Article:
Mick Numerari Tjapaltjarri
Mick Numerari Tjapaltjarri was an early Papunya Western desert Artist. Unlike many early artists, he continued painting and innovating for over 30 years. He was at the forefront of the evolution of Aboriginal painting from traditional to abstract.
In the early part of his career, Mick Numerari Tjapaltjarri painted on small bits of board. He went on to become one of the most vital figures of the aboriginal art movement. Many of his early works are ritual and contain secret imagery meant only for the eyes of initiated men. His later works are on Canvass and are masterpieces of ephemeral minimalism.
The aim of this article is to assist readers in identifying if their Aboriginal painting is by Mick Numerari Tjapaltjarri. It compares examples of his work. It also gives some background to the life of this fascinating artist.
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Mick Numerari Tjapaltjarri Early Life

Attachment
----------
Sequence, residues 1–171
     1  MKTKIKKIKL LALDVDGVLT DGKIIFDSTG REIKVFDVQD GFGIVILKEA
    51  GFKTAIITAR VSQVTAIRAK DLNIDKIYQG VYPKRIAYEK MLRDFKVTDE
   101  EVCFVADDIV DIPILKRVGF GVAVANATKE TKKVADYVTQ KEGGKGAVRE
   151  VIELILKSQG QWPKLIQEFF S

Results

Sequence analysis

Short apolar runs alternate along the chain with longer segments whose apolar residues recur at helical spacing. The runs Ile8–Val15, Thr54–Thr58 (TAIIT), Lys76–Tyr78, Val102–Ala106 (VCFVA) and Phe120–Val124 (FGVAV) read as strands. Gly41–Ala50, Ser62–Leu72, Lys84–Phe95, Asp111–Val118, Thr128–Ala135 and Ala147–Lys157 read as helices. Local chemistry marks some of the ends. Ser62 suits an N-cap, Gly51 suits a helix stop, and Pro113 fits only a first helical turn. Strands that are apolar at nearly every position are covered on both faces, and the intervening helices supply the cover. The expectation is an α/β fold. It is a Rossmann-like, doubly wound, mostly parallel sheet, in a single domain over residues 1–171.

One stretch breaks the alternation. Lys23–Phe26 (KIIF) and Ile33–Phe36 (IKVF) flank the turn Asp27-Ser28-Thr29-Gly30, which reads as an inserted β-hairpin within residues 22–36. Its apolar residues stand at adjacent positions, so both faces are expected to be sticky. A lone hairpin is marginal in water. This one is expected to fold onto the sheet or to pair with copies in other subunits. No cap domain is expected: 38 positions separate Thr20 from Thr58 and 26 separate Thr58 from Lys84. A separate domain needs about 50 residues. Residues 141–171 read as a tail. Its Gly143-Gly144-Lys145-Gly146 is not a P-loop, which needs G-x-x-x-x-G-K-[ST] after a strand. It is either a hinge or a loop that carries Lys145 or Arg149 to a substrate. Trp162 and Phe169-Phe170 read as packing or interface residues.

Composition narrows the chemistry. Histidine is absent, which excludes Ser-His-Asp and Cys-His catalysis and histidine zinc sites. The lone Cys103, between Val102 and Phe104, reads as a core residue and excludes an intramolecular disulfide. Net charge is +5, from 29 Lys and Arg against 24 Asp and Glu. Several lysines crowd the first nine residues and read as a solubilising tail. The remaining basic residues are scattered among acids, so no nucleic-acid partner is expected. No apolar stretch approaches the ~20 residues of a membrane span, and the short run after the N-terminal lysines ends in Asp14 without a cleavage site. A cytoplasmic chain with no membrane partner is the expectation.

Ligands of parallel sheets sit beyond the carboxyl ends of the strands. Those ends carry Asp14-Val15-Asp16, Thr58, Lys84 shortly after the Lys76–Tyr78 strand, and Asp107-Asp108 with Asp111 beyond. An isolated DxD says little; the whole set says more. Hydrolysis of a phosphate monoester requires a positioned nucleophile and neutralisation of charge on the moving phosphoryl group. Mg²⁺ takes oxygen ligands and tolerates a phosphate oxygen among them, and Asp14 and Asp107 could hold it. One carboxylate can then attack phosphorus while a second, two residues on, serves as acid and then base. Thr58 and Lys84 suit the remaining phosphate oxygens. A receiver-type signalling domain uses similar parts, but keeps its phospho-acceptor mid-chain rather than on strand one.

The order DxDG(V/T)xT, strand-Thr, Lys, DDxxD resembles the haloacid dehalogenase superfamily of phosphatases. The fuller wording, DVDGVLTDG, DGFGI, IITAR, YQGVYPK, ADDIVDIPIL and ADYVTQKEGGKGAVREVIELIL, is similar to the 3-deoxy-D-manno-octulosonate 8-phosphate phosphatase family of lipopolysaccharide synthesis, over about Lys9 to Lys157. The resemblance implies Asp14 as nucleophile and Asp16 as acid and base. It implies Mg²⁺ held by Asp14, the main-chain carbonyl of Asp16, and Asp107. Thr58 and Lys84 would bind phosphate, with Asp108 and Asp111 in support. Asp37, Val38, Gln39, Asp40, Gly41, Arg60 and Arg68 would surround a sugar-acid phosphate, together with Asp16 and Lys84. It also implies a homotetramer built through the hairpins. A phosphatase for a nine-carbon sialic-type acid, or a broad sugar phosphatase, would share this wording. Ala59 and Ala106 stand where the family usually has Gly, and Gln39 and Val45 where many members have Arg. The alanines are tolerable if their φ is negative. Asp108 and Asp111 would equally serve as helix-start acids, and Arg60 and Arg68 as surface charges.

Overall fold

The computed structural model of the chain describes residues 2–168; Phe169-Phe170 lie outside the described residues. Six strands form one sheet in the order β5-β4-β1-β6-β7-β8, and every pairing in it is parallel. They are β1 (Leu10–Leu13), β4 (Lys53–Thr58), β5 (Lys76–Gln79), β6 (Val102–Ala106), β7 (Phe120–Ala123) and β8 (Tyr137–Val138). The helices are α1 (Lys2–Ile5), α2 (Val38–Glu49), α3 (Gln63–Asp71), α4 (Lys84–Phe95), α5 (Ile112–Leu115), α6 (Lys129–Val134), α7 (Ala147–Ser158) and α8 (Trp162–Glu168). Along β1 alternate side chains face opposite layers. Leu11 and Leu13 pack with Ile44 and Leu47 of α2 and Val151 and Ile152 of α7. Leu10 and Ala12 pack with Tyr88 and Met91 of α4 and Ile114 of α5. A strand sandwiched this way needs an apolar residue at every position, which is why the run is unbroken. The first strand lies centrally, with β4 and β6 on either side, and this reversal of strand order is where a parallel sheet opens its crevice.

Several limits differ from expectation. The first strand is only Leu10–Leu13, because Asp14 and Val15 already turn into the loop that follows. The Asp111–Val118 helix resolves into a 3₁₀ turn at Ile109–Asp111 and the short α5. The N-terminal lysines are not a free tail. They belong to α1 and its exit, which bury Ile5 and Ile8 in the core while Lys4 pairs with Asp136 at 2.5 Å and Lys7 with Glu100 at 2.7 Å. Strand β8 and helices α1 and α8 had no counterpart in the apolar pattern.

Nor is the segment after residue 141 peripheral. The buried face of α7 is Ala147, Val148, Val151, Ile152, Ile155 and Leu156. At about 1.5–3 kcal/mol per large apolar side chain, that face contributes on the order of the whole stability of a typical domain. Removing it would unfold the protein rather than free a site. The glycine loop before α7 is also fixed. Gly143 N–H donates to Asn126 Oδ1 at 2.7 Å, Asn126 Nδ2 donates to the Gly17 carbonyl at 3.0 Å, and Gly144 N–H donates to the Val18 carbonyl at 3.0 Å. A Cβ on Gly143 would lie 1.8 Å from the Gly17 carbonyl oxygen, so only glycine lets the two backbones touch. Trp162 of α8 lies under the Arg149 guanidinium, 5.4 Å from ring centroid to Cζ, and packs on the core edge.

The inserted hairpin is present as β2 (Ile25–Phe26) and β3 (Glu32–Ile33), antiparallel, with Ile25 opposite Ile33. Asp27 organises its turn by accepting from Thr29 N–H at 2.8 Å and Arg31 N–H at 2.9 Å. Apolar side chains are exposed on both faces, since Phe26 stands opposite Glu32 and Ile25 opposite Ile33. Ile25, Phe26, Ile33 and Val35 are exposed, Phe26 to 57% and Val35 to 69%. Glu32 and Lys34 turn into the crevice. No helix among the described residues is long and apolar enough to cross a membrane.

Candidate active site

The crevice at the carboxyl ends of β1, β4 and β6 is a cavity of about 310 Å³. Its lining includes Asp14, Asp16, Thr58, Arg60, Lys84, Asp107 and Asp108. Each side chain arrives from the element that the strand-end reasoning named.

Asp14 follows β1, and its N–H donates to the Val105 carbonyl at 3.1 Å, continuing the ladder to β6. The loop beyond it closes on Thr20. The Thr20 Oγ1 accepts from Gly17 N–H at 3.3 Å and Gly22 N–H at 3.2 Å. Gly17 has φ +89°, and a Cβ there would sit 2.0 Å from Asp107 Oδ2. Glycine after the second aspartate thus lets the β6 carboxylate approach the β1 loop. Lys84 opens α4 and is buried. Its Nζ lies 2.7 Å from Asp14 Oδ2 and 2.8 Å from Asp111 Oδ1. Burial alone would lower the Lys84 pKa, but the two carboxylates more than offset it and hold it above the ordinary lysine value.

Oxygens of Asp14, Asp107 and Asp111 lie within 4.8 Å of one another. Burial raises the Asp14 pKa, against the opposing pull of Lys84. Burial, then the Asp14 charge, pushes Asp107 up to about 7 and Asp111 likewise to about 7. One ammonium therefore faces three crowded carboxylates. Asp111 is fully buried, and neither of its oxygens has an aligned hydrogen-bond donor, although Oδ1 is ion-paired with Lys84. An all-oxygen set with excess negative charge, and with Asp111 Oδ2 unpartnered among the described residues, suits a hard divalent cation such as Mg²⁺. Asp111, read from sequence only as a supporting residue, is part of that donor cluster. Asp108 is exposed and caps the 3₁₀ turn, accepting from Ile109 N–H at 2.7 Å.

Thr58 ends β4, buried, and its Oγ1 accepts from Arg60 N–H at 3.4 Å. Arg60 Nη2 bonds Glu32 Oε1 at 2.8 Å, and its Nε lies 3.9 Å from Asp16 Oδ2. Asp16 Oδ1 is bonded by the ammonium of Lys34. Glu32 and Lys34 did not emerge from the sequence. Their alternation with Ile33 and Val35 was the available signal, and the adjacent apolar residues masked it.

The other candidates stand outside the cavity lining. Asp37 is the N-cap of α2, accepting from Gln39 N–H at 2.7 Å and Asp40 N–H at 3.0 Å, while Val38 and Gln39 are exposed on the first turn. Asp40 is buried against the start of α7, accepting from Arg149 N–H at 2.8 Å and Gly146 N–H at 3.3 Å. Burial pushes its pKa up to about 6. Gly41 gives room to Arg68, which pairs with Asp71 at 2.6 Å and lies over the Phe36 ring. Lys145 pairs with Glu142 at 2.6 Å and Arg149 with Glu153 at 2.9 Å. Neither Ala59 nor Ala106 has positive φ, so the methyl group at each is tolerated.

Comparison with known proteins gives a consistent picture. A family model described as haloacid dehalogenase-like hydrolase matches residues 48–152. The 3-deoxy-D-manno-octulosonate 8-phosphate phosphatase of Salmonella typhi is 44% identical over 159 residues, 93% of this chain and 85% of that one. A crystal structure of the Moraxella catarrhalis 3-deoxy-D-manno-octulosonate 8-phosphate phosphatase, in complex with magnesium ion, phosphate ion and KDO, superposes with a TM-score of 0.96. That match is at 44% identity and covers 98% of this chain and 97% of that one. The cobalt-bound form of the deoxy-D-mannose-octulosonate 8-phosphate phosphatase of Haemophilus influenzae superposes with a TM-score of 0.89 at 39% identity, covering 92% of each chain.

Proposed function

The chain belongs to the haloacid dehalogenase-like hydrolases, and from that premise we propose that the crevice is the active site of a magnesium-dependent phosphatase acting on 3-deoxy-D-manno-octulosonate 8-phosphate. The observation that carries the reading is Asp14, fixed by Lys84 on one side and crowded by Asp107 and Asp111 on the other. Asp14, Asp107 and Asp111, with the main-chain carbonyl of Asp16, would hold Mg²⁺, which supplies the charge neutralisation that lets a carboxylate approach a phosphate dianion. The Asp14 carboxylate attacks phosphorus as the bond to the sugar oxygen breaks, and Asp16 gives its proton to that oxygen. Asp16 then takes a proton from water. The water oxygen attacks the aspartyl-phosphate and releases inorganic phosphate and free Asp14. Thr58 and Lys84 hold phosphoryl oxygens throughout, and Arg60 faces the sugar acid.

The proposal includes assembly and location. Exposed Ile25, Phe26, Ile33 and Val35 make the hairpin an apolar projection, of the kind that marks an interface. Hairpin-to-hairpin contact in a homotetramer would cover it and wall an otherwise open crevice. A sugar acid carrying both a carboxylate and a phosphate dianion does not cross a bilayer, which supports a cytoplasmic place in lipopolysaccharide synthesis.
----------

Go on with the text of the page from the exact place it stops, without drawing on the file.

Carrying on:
Mick Numerari Tjapaltjarriwas born around 1926 at Marnpi in the Northern Territory. As a child, Numerari traveled with his parents to many of the key dreaming sites through Pintupi country.
While still a child a traditional tribal raiding party speared and killed his father. His mother Maiyenu was so grief-stricken that she threw herself into a fire and was horribly burnt. Other family members looked after Mick and moved to Putati Spring south-west of Mount Leibig.
Mick Numerari Tjapaltjarri later attended school in the mission at Hermannsburg. As soon as he was old enough he went to work as a stockman at Tempe Downs and at Haasts Bluff. At Haasts bluff he married to his first wife.
While living at Haast bluff older Pintupi men taught him the songs and ceremonies associated with his country. He was a good hunter and would often kill game for food with a spear and Woomera.
In 1971 Geoff Bardon became a local school teacher at Papunya primary. He tried to encourage local children to paint in their own traditional style. When he found out only older men could paint these stories he to started a men’s painting group.